If you’re wondering why you have too much cyanuric acid in your pool or if you’ve found that the CYA is constantly too high, this is for you.
Cyanuric acid does not evaporate or degrade like chlorine and other chemicals do. It will stay in the pool water.
In fact, cyanuric acid has been known to stay in pools even after completely draining them – it can get into the plaster. The only way to lower the levels is to drain some water and add water with no CYA in it.
What to do if Cyanuric Acid Stays High
The first thing to do is to check the type of chlorine and pool shock products you’re using.
Products marketed as stabilized chlorine and some pool shocks all have cyanuric acid added. The ingredients may be names such as:
- sodium dichloroisocyanurate
- potassium dichloroisocyanurate
If you’re using any of these, stop using them for a while and switch to chlorine products without any cyanuric acid added to it.
Over time, with the reduction of water (through evaporation and splashing) and topping up of water in your pool, the CYA levels should reduce. Or as mentioned above, for a quicker reduction in stabilizer levels, drain some of the pool water.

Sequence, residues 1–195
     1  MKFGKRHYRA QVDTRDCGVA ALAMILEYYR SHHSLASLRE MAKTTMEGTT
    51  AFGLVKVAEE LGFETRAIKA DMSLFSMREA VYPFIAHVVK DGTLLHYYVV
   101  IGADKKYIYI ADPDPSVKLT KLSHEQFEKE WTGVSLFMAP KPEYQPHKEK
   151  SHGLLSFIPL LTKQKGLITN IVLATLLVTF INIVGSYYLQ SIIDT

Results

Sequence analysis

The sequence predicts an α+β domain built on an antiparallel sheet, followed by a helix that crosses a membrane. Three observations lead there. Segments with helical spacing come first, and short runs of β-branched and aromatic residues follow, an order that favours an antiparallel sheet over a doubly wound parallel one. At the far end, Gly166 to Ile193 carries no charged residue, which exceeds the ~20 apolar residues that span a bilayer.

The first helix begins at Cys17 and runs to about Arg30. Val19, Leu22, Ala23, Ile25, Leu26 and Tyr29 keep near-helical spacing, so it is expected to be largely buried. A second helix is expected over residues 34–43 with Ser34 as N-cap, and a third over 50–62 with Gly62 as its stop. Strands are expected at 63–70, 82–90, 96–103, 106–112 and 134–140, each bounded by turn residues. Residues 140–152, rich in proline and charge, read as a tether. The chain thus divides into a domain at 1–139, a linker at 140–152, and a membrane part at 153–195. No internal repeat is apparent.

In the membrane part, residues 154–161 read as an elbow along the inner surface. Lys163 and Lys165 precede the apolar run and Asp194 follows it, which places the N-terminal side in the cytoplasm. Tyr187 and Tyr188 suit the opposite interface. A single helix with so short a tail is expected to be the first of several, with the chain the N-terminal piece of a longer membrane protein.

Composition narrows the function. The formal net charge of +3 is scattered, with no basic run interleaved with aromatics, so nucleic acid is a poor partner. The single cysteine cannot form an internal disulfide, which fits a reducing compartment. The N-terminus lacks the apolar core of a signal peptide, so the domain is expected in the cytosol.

You should also check the water level of your pool. If your pool level is lower than it should be, this can result in a higher relative concentration of CYA. Top up your water if it’s low and this will dilute the CYA. Then circulate the pool water for a few hours and retest.
If this still doesn’t solve the problem, the final thing to check is that you’re using an accurate testing method. Buy a quality water testing kit and test again. Or you can take a sample of pool water to your local pool store for testing.
High cyanuric acid in pools is a problem and is something you need to make sure you take care of. The easiest and fastest way to reduce CYA in your pool is to drain some of the water from your pool and then top it back up again.
If you still find the cyanuric acid levels are too high or keep increasing, make sure you’re not using chlorine or shock with added cyanuric acid or stabiliser.
You may also have the opposite problem, low cyanuric acid. If you do, check out our article: How To Raise Cyanuric Acid.
If you follow this advice, the cya levels in your pool will be normal in no time.
Cyanuric Acid – granular form
Cyanuric Acid – liquid form